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How to Use a Can of Black Beans for Easy Lunches, Breakfasts, and Even Desserts

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Or go all-in: Mustafa recommends a soup that’s pure black beans, like the Cuban classic sopa de frijoles negros. To make it creamier while still maintaining some of the beans al dente, purée half and leave the other half whole. That way you get the best of both worlds.

8. Whip up an unforgettable salad.

Beans in salad is always a win (the extra fiber and protein packs some much-needed heartiness), and black beans are no exception. You’re probably most familiar with eating them in cowboy caviar—black beans with corn, chopped tomatoes, and avocado—which is a backyard BBQ favorite and tasty whether eaten by the forkful or scooped with tortilla chips, Harbstreet says. “But that’s just the starting point, as you can use black beans alone or in combination with other beans for mixed salads,” she says.

For instance, Shariat is a big fan of adding a scoop or two of black beans straight from the can to both hardy and light salad options alike. That could look like serving a roasted-root-vegetable salad with carrots and beets atop a bed of legumes or stirring them into a mix of chopped romaine lettuce with hearts of palm and avocado. “You could add tortilla chips for some crunch or edamame for even more protein,” she adds.

9. Try refried beans with black beans instead of pinto.

Classic Mexican refried beans are made with pinto beans, but you can use black beans for something similar and just as tasty, Mustafa says. While the color will be different, you can use them in all the same ways you would eat the traditional version—whether that’s as a side to a larger main dish or as a dip with chips.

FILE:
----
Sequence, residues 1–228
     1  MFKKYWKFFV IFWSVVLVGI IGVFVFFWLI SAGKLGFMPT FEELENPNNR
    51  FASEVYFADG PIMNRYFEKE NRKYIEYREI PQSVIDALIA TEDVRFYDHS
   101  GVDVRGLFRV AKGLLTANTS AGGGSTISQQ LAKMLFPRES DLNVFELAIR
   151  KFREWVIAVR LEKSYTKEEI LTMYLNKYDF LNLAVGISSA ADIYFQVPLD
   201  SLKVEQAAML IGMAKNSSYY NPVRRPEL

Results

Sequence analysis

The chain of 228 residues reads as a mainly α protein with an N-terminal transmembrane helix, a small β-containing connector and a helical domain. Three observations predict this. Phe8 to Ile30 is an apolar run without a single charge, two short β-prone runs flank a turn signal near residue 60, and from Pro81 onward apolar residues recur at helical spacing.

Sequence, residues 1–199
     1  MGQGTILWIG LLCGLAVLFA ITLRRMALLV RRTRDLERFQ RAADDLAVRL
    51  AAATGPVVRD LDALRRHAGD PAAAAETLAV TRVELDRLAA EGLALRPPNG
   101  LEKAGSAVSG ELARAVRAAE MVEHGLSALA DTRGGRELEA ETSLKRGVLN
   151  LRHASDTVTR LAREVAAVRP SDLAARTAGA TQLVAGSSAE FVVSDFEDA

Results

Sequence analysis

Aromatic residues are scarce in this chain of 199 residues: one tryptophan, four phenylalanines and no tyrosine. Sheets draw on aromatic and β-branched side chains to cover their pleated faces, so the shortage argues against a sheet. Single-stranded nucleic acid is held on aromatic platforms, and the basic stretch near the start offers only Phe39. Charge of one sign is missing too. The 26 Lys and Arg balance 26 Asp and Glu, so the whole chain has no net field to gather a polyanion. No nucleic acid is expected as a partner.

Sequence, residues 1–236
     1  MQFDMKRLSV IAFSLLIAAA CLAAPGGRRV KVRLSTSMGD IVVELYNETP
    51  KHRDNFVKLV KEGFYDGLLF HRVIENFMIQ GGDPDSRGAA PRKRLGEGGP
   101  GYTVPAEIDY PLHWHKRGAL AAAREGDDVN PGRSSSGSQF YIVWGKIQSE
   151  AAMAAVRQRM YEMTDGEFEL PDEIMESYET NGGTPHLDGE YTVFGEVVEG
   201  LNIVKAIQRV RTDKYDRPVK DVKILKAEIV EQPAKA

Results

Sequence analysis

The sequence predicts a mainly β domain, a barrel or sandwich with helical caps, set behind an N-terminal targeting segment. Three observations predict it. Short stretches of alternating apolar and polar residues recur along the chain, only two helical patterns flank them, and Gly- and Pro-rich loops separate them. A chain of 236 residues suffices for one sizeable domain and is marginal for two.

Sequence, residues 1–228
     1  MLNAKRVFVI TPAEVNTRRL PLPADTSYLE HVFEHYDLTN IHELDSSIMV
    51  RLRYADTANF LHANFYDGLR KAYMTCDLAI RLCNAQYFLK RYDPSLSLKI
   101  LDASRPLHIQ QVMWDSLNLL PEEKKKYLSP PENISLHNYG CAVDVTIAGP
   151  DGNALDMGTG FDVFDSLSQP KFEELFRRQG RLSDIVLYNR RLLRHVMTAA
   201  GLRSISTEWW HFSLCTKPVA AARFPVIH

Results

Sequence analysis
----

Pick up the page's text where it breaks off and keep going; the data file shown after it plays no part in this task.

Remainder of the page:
10. Keep them on hand for speedy skillet dinners.

If you’re not sure what to eat for dinner, but you have a can of black beans and a skillet on hand, a quick and satisfying meal is never far away, Harbstreet says. Because the legume has such a neutral taste, it’s a natural pairing for an array of flavor profiles and can be combined with just about anything and turn out great.

That includes leftovers she doesn’t know what to do with, whether that’s a pot of rice or the remains of roasted veggies like onion and zucchini, and even protein sources like ground beef and shredded chicken. Just add whichever spices you prefer and dinner is served—Harbstreet loves using premade taco and enchilada spice mixes, for example. Not only does doing this help her cut down on food waste, but she also never gets bored because the “recipe” is constantly changing.

11. Mix them into chocolate treats.

Adding black beans to brownies to make them more protein- and fiber-rich has been an internet favorite for quite some time, but the legume actually works wonders in a whole host of chocolate-based treats, from whoopie pies to cupcakes, Klynstra says.

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We had to ask: No, you won’t really notice the black beans in these desserts, since the chocolate’s rich flavor overpowers anything else, Klynstra says. Just make sure you prep them the right way. “If you want to keep this ingredient secret, I recommend processing or blending the beans until the skins have virtually disappeared,” she says.

12. Or go all out on a black-bean forward dessert.

If you’d prefer to let black beans shine—even in desserts—Harbstreet says you still have some ways to make them sweet without masking their taste or texture. Chè Đậu Đen—a Vietnamese chilled treat consisting of black beans served with coconut milk, crushed ice, and optional toppings like jelly or boba—is one that she particularly enjoys. And there are a number of other Asian-inspired desserts that use a sweetened black bean paste baked into steamed buns, she adds, so you’ll have many an option on hand if you want to go the sweet route with your canned stuff.

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Source: Self

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